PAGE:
The New Cue #269 March 13: Jason Williamson of Sleaford Mods
13 March, 2023
Welcome to the greatest show on Earth…!
Not really, but I’ve always wanted to say that. No, welcome to The New Cue, not the greatest show on Earth, but the greatest music-focussed Substack newsletter. We’re very proud of it, Niall, Chris and I. It’s our baby. We make it every week, twice a week, for you. (Don’t interrogate this image too closely.)
After the jump we have a zippy chat lined-up with Jason Williamson, the singing half of Sleaford Mods. But first, I’d like to make a quick plug for a new Substack newsletter I’m starting called Far From The Tree.
Far From The Tree is going to be space where I invite literally the whole world to share stories of their mothers or fathers, good or bad, dead or alive. Yes, I have basically remixed another idea of mine, My Old Man, where people wrote about dads, and broadened it to include mums because I believe there are many, many more great stories to share.
My Old Man changed the lives of many contributors, as we’ll see with some of the pieces delivered by returning contributors in weeks to come. I hope and believe that Far From The Tree will also enable that for you, too. If you’d like to contribute, please drop me a line at farfromthetreeTK@gmail.com.
The first edition will drop this week, just as soon as I fix the layout. Probably on Wednesday. And in a neat bit of symmetry it’s by my New Cue pal, Niall Doherty. You’ll need to read it, and share it, because it’s beautiful. It’s also free. Sign up here: farfromthetree.substack.com.
In the meantime, enjoy today’s New Cue,
Ted, Niall and Chris.
Start The Week With…Jason Williamson
A couple of weeks ago I called Jason Williamson up to talk about his group Sleaford Mods’ new album, UK Grim. He was at home and he had a full day and night of phone interviews lined up with the world’s press in front of him. It was 10:00 in the morning and we both agreed that he was going to be asked a lot of the same questions over the next twelve hours.
So, I suggested instead of that we’d talk about some of the albums that he’d been listening to when he wrote and recorded UK Grim. And that’s what we did.
Hi Jason. How are you?
Good, thanks, how are you?
Can’t complain. Let's start off with asking about UK Grim. How did you go about making it? What is the timeline?
Timeline was from early 2021 we did about four or five demos. Of those demos came Pit to Pit and So Trendy. And then we went on tour and forgot about it. That's how we normally start. I like to ease myself in. I'll ruminate over it in hotel rooms for a couple of months. And then Perry Farrell got in touch: Oh! ‘Would you like to collaborate?’ Which we thought was quite funny. Alright, go on then.
It took about six months to write the song with him. We just kept throwing it back and forth. And in that time, Andrew [Fearn, musical partner] and I demoed a few more bits and bobs over the summer of 2021, did the UK tour afterwards. After touring with Dry Cleaning it occurred to me that Florence [Shaw] would be great for a collaboration, so I've got her in on Force 10 From Navarone.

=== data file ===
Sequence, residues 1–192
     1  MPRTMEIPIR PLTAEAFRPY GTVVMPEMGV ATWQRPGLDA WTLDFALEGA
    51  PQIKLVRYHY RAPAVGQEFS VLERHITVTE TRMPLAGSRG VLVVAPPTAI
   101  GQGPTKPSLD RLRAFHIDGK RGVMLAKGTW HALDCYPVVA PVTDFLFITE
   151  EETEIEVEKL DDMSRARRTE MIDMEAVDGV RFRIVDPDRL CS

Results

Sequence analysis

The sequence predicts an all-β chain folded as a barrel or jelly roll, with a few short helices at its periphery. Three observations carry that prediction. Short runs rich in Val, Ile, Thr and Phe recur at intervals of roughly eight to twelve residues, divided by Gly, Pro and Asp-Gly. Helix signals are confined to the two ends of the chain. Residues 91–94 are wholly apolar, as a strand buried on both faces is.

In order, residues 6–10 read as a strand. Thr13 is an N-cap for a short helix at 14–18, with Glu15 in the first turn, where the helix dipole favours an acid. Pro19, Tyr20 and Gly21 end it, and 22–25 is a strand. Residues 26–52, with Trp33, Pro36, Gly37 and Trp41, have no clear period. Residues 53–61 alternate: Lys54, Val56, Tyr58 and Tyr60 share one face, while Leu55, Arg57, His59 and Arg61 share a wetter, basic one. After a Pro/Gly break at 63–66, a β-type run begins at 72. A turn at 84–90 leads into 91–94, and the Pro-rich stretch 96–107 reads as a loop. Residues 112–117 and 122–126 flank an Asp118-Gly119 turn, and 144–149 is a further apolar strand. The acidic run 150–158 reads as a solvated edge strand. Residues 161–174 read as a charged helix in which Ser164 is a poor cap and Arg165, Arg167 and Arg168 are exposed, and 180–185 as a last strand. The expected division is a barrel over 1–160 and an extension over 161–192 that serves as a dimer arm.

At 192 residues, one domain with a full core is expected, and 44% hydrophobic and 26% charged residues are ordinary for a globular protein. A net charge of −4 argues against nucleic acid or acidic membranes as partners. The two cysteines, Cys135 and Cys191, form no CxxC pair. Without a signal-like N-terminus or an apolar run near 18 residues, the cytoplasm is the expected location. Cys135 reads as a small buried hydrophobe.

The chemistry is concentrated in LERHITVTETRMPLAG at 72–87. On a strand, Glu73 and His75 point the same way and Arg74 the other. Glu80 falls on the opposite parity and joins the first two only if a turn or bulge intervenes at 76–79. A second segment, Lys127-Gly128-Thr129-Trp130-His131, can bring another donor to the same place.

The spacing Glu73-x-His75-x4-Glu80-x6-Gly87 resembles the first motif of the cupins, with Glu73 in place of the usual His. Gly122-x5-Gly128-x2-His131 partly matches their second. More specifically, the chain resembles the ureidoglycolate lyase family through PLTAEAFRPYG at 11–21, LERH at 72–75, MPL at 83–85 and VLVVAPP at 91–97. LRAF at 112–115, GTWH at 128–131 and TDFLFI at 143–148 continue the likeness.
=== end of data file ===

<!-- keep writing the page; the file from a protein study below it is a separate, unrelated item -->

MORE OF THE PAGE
So we'd done Force 10, we'd done Till Dipper. What else have we done? God. Right Wing Beast was an early one…What else fucking now? I think that's all we had. At that point we had Don. I'd dismissed Don, dismissed DIY, dismissed Smash Each Other Up and I, Claudius because I just thought it was too Sleaford. I always want to try and move away from it. Claire [wife and manager] helps me with selection. Andrew's not bothered. He loves all of them. Claire's like, ‘Right, no, you need to keep that one in.’ And she's fucking really good at it, to be honest. Some of the stuff that didn't make it I'm like, God, this is brilliant. Always got something in the back pocket.
When you listen to it all now, do you hear one narrative?
It’s business as usual, taking the piss out of people, having a go at people. There's lots of commentary, visual observations. The general energy in this country. There's introspective stuff about childhood, which I was quite taken with on Spare Ribs and that kind of inspiration continues with UK Grim.
So let's talk about the musical influences then. If you had to pick out some records that help focus the record...
I was listening to A Flock Of Seagulls quite a lot. Yes, particularly, Story Of A Young Heart, and the one before, Listen.
I've never listened to them. Too much of a snob.
It's really good. People in Liverpool that I know said they were big with a lot of the football lads which is quite interesting. Even at school, some of the football lads were, you know, prepared to dance more to Spandau Ballet at school discos than they did The Jam. Flock did Wishing, classic, just brilliant. I mean, you'll know when you hear it.
And then it goes into a load of other stuff that takes a little bit of a listen. Album tracks but it's quite interesting. So I just got into that kind of loose pastel melody type shit. That that was dominating listening for quite a while actually.
What were the vocals like?